A Novel Method of Interfering with Iron Uptake by Mycobacterium Tuberculosis and Related Organisms

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Princeton Invention # 04-2103


Researchers in the Chemistry Department at Princeton University have discovered a novel pathway which may allow for a new pharmacological approach to the control of tuberculosis.


The rational discovery of drugs requires prior knowledge of metabolic pathways. Usually this involves identifying the function of certain enzymes in a metabolic pathway of interest and then finding inhibitors of those enzymes. In contrast, Princeton researchers have discovered a new mechanism by which mycobacteria exploit membrane trafficking pathways of the host macrophage to acquire the iron that is known to be necessary for survival and proliferation within the host. Since iron deprivation is known to be a natural bacteriostatic strategy, knowledge of this pathway and the development of techniques for elucidating this and related pathways will allow for the identification of agents that either interfere with iron acquisition or use this pathway to actively deliver antibacterial drugs to mycobacterium while it is inside the macrophage.


The technology covers two important discoveries regarding the mechanisms of iron acquisition by M. tuberculosis and other pathogens that use amphiphilic or lipophilic siderophores. Together these discoveries could provide new avenues of therapeutic intervention with these pathways.


Tuberculosis is the number one cause of death from an infectious disease in the World. In addition to the 8 million cases of active disease every year, over a billion people are latently infected with M. tuberculosis, running a 10% lifetime risk of developing active disease (World Health Organization tuberculosis fact sheet; http://www.who.int). The ability of this organism to infect an extraordinary number of people, combined with the widespread emergence of multi-drug resistant strains, has lead to the placement of M. tuberculosis on the National Institute of Allergy and  Infectious Diseases (NIAID) list of Biodefense and Emerging Infectious Disease Threat Agents.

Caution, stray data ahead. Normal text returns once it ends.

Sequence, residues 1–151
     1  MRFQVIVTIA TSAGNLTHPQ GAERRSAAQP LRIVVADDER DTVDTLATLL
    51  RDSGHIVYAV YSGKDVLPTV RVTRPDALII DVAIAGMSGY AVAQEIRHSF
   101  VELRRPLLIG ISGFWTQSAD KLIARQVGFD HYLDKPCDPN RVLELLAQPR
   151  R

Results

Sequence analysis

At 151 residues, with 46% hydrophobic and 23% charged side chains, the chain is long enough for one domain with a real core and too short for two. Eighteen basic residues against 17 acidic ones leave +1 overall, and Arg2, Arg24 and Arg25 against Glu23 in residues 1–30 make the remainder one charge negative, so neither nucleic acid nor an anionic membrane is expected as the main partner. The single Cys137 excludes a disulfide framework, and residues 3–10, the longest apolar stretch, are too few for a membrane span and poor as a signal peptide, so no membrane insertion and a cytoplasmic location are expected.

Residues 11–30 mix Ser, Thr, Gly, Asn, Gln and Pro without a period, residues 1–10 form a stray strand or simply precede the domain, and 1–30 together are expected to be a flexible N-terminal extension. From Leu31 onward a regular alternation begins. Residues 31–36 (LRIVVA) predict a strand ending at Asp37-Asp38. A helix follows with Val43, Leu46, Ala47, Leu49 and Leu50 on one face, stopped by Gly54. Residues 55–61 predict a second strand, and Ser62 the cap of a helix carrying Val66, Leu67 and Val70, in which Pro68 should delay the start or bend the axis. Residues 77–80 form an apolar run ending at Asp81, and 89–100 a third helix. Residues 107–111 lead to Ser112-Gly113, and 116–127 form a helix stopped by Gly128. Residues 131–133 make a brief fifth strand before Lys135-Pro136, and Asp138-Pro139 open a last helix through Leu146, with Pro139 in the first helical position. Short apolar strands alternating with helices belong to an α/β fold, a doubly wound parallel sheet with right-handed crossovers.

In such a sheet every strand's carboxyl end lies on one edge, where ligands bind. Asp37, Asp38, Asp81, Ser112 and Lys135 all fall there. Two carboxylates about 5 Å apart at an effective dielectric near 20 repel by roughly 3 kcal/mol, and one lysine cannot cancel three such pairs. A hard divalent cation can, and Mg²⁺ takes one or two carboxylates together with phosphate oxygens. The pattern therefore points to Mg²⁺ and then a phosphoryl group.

Selected References:


Mycobactin-mediated iron acquisition within macrophages, Nature Chemical Biology, Luo, M., Fadeev, E.A. & Groves, J.T. Nature Chemical Biology 1, 149-153 (2005)


Getting the Iron Out, Nature Chemical Biology, Barry, C.E., Boshoff, H., Volume 1 Number 3, 127-128 August 2005



Princeton University is currently seeking industrial collaborators to further develop and commercialize this technology.  Patent protection is pending.


For more information on Princeton University Invention # 04-2103, please contact:



                                Laurie Tzodikov

                                Office of Technology Licensing and Intellectual Property

                                Princeton University

                                4 New South Building

                                Princeton, NJ 08544-0036

                                (609) 258-7256

                                (609) 258-1159 fax


Patent Information:
For Information, Contact:
Laurie Tzodikov
Licensing Associates
Princeton University
John Groves